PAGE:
Japanese New Wave Religions
The late 20th century has seen the rise of many new religious groups (‘cults’ to many) in Japan, most notably the Aum Shinrikyo cult that carried out a Sarin gas attack on the Tokyo subway in 1995. These groups are often centered around doomsday predictions and are formed around an eccentric and charismatic personality.
One of the most bizarre groups to come out of this Japanese religious revival is Pana-Wave which was founded in 1977 by Yuko Chino. The group is made from a supposed combination of “Christianity, Buddhism and New Age doctrines,” many of which centered on the dangers of electromagnetic waves.
Indeed electromagnetic waves were seen by Pana-Wave adherents to be causing “catastrophic environmental destruction and climate change.” The danger from electromagnetic waves was so great that the group built a special Pana-Wave laboratory and began wearing only white in order to protect them.
Naturally the electromagnetic waves were thought to originate from communists who were attempting, in vain, to assassinate Yuko Chino, the cult’s charismatic and mysterious leader.
The Wandering Caravan
For over a decade the group sat in obscurity but in 1994 the cult began to gain notoriety as it formed a convoy of white vans that wandered around Japan searching for an area that was,
Least at risk from harmful electromagnetic radiation and away from power lines.
This journey was also undertaken to find a sanctuary for the ailing Yuko Chino, whose life the Pana-Wave believed held the universe in balance – her death was believed to usher in the immediate destruction of mankind.
Capturing of the Seal
In March 2003 Pana-Wave attempted to capture Tama-chan, a seal who had become a national celebrity in Japan for reasons that deserve discussion at a later date. Pana-Wave’s attempt failed and was rooted in their belief that,
The seal had been led astray by electromagnetic waves, and claimed that doomsday would somehow be averted if the seal was returned to Arctic waters.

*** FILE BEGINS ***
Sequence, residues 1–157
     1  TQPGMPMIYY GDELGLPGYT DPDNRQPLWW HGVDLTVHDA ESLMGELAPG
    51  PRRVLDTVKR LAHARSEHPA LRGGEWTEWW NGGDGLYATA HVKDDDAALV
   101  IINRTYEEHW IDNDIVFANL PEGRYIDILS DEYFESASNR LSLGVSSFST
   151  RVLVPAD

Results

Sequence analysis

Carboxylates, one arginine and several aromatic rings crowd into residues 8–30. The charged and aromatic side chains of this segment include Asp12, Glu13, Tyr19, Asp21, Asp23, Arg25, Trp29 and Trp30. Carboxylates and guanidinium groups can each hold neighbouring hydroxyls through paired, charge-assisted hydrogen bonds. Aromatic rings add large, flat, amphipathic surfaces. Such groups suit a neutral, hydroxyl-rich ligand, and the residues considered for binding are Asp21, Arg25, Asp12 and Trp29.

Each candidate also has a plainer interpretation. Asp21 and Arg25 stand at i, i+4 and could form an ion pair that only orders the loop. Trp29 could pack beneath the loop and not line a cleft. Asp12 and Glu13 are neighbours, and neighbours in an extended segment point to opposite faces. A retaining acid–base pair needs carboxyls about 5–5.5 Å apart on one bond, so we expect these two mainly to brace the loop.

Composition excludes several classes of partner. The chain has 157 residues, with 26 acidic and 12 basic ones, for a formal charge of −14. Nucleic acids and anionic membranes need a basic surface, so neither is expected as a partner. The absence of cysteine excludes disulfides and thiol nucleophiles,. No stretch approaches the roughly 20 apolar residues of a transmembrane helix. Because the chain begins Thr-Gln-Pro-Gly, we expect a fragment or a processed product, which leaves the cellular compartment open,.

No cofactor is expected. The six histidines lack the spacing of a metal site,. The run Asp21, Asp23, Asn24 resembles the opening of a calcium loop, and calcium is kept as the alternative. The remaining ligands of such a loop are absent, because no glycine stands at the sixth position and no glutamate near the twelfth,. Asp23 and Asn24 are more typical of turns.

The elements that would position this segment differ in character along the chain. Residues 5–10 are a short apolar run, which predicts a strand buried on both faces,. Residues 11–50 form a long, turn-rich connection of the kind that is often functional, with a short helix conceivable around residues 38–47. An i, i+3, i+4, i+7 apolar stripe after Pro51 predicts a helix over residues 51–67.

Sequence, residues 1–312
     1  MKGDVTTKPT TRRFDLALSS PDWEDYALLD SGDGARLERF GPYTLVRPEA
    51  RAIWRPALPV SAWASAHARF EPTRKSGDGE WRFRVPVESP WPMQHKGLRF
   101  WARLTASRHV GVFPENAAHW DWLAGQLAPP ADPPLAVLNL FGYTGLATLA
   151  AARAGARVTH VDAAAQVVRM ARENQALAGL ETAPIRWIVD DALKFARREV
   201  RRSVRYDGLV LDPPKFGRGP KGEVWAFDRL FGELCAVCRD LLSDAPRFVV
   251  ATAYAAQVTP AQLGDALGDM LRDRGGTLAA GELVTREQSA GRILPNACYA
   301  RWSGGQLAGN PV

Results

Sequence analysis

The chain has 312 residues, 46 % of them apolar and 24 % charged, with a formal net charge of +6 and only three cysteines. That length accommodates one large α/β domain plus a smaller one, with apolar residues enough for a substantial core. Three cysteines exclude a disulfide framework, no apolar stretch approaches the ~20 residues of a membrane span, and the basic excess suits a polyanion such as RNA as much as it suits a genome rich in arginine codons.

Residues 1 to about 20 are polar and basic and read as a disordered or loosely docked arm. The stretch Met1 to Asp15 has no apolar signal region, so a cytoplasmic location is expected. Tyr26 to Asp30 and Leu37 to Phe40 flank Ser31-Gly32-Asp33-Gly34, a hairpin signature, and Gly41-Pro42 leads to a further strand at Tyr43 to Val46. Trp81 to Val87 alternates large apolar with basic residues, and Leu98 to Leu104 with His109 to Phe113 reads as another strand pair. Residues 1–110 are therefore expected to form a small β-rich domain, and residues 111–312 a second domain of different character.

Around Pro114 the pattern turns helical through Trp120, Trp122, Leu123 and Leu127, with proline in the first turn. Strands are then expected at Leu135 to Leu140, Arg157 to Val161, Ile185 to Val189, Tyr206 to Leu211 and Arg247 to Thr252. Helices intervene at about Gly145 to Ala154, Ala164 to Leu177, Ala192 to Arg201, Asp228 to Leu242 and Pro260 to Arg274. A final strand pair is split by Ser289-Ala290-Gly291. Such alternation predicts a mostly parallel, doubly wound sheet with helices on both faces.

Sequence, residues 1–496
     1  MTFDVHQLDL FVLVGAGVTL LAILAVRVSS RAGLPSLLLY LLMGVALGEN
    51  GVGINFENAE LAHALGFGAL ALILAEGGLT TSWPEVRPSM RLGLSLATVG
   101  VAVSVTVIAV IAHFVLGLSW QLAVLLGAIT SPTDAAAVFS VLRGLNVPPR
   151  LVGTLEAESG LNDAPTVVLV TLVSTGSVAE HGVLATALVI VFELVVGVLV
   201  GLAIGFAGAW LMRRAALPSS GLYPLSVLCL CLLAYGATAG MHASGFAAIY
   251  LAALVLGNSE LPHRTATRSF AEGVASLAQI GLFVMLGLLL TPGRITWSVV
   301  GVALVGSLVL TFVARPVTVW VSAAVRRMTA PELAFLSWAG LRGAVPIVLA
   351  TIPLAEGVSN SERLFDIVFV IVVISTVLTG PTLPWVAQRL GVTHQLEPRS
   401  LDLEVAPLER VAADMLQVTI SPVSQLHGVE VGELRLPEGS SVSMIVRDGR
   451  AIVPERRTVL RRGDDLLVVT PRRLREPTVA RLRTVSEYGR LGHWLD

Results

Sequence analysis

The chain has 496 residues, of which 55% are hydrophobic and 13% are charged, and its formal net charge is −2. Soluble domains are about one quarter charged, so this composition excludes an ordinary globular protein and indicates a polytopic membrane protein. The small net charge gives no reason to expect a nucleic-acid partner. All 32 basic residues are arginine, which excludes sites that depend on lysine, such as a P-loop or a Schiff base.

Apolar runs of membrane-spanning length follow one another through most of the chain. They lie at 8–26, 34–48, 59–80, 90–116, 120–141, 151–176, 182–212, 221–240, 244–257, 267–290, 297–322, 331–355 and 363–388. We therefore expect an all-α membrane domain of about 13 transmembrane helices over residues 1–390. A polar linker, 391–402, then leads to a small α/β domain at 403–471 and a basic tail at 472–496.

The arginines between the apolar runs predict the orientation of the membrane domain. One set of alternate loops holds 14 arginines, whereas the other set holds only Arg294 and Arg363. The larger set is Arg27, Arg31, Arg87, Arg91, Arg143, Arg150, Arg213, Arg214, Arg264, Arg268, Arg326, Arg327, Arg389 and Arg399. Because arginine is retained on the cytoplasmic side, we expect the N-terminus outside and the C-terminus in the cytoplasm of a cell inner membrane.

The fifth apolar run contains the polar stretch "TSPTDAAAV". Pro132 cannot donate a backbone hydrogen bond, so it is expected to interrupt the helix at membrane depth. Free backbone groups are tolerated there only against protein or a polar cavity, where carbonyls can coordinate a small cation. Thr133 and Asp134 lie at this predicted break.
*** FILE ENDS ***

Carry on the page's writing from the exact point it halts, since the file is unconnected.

The group was more than prepared for housing Tama-Chan with the two white-lined swimming pools they had built in a secret compound.
Not long after the failed capture of Tama-Chan the group was ordered by police to move from its roadside settlement. This led to a lengthy stand-off that only ended when three hundred police descended on the camp in riot gear.
The End is Nigh
Pana-Wave was now forced to again wander around Japan preaching that on May 15th of 2003 a previously unknown 10th planet would come close to Earth and,
Cause the Earth’s poles to flip over and lead to catastrophic earthquakes and tsunamis which would destroy most of humankind.
They went from village to village searching for a safe haven from the destruction in their white vans that now included “swirl patterns” that were believed to ward off electromagnetic waves. TV crews were only allowed to film Pana-Wave if they were covered in white in order to stop the emission of “harmful waves.”
No town in Japan would accept Pana-Wave and they were rejected again and again by a country fearful of doomsday cults after what had happened in 1995 in the Tokyo subway. But, the Pana-Wave group survived because the apocalypse did not come on May 15th (or May 22nd, the second calculated date).
And with that failed apocalyptic prediction Pana-Wave faded into obscurity, leaving room for many other Japanese new religions in its wave.